US Postarrival Evaluation of Immigrant and Refugee Children with Latent Tuberculosis Infection Diagnosed Overseas, 2007–2019
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US Postarrival Evaluation of Immigrant and Refugee Children with Latent Tuberculosis Infection Diagnosed Overseas, 2007–2019

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  • Alternative Title:
    J Pediatr
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  • Description:

    To assess outcomes from the US postarrival evaluation of newly arrived immigrant and refugee children aged 2–14 years who were diagnosed with latent tuberculosis infection (LTBI) during a required overseas medical examination.

    Study design

    We compared overseas and US interferon-γ release assay (IGRA)/tuberculin skin test (TST) results and LTBI diagnosis; assessed postarrival LTBI treatment initiation and completion; and evaluated the impact of switching from TST to IGRA to detect Mycobacterium tuberculosis infection overseas.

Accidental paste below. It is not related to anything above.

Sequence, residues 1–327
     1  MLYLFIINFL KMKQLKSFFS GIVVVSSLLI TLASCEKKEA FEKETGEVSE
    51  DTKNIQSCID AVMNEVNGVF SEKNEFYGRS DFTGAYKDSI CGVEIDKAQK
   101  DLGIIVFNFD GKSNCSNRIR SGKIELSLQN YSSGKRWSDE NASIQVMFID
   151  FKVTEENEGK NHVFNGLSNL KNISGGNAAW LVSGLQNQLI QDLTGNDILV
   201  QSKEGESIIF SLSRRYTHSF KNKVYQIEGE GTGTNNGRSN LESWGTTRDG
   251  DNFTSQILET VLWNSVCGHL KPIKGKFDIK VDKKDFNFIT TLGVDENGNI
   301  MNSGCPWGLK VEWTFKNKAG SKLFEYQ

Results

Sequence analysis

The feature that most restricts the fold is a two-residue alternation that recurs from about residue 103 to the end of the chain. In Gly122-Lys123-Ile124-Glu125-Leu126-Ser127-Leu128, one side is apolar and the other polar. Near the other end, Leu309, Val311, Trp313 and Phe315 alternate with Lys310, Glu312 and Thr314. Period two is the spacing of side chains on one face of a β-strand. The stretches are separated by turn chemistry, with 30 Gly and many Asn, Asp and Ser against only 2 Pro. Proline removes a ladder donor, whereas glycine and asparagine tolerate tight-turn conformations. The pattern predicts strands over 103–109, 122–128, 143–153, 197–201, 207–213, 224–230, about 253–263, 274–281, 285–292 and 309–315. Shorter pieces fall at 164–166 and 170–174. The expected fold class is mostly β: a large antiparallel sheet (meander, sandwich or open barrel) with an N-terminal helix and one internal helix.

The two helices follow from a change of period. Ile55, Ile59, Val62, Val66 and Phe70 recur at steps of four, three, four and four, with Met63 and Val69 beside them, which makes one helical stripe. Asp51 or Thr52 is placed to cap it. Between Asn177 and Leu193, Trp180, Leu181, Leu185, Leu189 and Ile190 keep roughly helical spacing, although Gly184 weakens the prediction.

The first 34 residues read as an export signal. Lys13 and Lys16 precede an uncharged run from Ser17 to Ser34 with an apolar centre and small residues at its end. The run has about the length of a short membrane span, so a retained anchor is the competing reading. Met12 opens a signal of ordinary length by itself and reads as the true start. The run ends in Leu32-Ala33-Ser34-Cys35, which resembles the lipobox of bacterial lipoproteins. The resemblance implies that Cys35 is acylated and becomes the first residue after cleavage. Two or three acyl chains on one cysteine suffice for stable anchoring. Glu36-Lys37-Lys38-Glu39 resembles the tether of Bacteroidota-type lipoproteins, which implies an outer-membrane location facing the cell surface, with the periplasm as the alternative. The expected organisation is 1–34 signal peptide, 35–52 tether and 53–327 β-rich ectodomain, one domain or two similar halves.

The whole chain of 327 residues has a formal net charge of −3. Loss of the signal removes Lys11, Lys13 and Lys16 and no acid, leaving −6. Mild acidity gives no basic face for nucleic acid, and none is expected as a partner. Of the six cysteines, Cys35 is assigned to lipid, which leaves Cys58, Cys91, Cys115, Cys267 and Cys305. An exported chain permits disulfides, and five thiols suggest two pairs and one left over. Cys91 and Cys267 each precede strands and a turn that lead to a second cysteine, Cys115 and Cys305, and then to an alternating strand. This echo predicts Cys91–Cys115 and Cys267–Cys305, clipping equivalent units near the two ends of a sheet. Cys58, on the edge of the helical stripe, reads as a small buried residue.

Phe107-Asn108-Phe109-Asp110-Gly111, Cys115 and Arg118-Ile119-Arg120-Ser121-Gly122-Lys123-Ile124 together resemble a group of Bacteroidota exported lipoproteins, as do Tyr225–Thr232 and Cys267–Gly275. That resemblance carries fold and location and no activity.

In total, 73 014 children were diagnosed with LTBI overseas and arrived in the US during 2007–2019. In the US, 45 939 (62.9%) completed, and 1985 (2.7%) initiated but did not complete a postarrival evaluation. Among these 47 924 children, 30 360 (63.4%) were retested for M tuberculosis infection. For 17 996 children with a positive overseas TST, 73.8% were negative when retested by IGRA. For 1051 children with a positive overseas IGRA, 58.0% were negative when retested by IGRA. Overall, among children who completed a postarrival evaluation, 18 544 (40.4%) were evaluated as having no evidence of TB infection, and 25 919 (56.4%) had their overseas LTBI diagnosis confirmed. Among the latter, 17 229 (66.5%) initiated and 9185 (35.4%) completed LTBI treatment.


    Requiring IGRA testing overseas could more effectively identify children who will benefit from LTBI treatment. However, IGRA reversions may occur, highlighting the need for individualized assessment for risk of infection, progression, and poor outcome when making diagnostic and treatment decisions. Strategies are needed to increase the proportions receiving a postarrival evaluation and completing LTBI treatment.

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